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And before the vitriol and abuse flies my way, answer me this, what happens if this BoD suddenly decided to leave? Time for a Plan B? Nobody to run the rule over the potential new owners (Tony Abbott perhaps?), no-one will have any say in anything that happens. There are no other shareholders, no other organisations party to the Shay rental agreement, the supporters aren't even represented by the Supporters' Club, who simply exist to hand over a cheque for £10k every year - which, incidentally, is MUCH MORE THAN THE BoD PUT INTO THE CLUB EVERY YEAR yet, curiously, aren't given shares or even a seat on the Board. They're probably completely ignored until that magical day when it's time to cash in.

Just now, Bubba said:

I think the problem is that those of us left involved, no longer want to be involved. It is pretty straight forward - the trust has a future if people come forward. If not, it gets closed down. If people dont want the money to go to the club, then come forward and take over.

I'll be very disappointed in the lot of you if the Trust's money ends up being handed over to this BoD.

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Just now, Bubba said:

I think the problem is that those of us left involved, no longer want to be involved. It is pretty straight forward - the trust has a future if people come forward. If not, it gets closed down. If people dont want the money to go to the club, then come forward and take over.

Real shame that people like yourself,with all the excellent and often un-noticed work and support you have done for the club no longer want to be involved or attend games.Reading the opening post though and the utter disdain shown by the 'consortium' it's no surprise....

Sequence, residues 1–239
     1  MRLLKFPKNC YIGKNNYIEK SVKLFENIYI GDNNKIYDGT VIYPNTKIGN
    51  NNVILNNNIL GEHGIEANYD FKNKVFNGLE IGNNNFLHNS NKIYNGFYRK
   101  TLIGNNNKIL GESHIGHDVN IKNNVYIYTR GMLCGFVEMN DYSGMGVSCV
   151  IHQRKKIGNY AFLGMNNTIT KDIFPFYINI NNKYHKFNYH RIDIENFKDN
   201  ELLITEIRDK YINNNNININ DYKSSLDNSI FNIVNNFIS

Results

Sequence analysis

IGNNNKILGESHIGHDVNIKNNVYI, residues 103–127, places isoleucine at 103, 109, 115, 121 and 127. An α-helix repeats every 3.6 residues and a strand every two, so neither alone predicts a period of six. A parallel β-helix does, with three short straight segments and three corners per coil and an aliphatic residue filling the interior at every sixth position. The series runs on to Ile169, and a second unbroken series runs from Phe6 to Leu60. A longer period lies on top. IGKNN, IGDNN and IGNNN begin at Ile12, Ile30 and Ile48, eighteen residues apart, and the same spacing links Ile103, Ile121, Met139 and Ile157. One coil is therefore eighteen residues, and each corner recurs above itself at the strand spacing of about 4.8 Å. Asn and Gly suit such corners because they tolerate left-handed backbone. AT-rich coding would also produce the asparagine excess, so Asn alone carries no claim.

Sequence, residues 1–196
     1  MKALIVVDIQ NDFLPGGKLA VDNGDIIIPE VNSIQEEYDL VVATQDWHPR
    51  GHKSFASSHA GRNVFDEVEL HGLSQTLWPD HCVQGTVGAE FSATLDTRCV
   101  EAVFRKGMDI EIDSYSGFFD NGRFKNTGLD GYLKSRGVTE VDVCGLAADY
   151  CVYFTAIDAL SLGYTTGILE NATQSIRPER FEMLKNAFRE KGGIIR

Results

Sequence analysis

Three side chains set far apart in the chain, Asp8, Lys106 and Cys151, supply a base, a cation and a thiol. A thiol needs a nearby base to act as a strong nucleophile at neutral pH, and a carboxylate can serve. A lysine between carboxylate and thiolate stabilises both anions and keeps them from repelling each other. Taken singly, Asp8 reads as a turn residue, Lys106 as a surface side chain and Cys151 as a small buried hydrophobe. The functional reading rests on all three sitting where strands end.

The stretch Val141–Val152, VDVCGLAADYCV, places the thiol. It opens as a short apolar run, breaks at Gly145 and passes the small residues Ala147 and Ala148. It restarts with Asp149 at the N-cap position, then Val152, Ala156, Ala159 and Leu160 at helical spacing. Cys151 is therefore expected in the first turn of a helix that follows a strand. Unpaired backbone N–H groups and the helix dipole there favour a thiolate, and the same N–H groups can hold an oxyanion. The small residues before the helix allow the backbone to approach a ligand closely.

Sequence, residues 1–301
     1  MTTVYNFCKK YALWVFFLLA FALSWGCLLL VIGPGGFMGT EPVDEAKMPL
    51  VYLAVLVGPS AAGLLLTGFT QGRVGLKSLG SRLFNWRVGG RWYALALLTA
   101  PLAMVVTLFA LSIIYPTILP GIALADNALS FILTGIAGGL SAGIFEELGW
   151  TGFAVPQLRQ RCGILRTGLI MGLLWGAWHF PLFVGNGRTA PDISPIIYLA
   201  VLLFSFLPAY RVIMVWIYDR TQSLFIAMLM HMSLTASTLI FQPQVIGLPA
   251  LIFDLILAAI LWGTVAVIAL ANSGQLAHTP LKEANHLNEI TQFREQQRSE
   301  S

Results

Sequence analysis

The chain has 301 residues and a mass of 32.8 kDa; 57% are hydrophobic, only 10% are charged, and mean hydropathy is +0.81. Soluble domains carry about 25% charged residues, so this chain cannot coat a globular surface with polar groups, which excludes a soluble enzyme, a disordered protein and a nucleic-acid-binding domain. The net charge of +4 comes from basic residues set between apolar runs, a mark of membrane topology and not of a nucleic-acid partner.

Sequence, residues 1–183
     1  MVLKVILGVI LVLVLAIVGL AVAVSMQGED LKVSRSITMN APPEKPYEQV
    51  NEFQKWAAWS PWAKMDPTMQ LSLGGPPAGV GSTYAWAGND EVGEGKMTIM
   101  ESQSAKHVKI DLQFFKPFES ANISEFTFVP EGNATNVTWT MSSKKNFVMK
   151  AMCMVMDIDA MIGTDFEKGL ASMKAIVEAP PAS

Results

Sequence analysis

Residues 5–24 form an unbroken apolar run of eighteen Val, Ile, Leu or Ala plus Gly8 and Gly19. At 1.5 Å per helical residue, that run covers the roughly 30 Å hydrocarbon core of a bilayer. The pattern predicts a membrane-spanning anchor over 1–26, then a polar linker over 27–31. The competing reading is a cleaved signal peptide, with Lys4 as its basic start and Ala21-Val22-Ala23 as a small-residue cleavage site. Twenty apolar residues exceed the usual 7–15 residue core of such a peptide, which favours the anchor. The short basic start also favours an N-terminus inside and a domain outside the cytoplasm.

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9 minutes ago, Hoddie said:

I'll be very disappointed in the lot of you if the Trust's money ends up being handed over to this BoD.

Sobeit. We have discussed what to do with the money. Give it to some sort of community organisation or give it to the club. Regardless of your personal feelings towards the club owners, money was give to the trust assuming that it would in some way or form end up benefitting FCHT. To direct the money elsewhere doesnt sit right with us.

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33 minutes ago, Bubba said:

The amount owed to HM Revenue & Customs had been miscalculated and was increased from £500k to £814k – a high enough proportion of the total debt that effectively gave them a veto over any agreement. They made it clear that they would accept nothing less than 100% of the amount owed. This level of debt was described by the Administrators as ‘insurmountable’ and any hope of a CVA and survival of HTAFC vanished.

Yet again, this wasn't a miscalculation, it was simply the result of not finalising the original CVA before seeking a second one - the original debt to HMRC, frozen in time at the point of the CVA being agreed, became 'un-frozen' and HMRC could lump on many years' worth of interest and penalties in line with the law, an amount which, taken together with the balance of the debt originally owed to HMRC that was bundled into the CVA, and that had subsequently accrued since that CVA, gave them the crucial veto over the second CVA. A costly side-effect of not spending the ~£45k to clear the original CVA, but it's a matter of debate whether this was an innocent mistake or a deliberate act of sabotage to open up ownership of Halifax Town without the hassle of having to deal with shareholders and loans owed to former directors. Crazy thing is that the old club ended up paying more than 30% of its debt, and 30% of £314,000 is much more than £45,000. Unless my maths are wrong.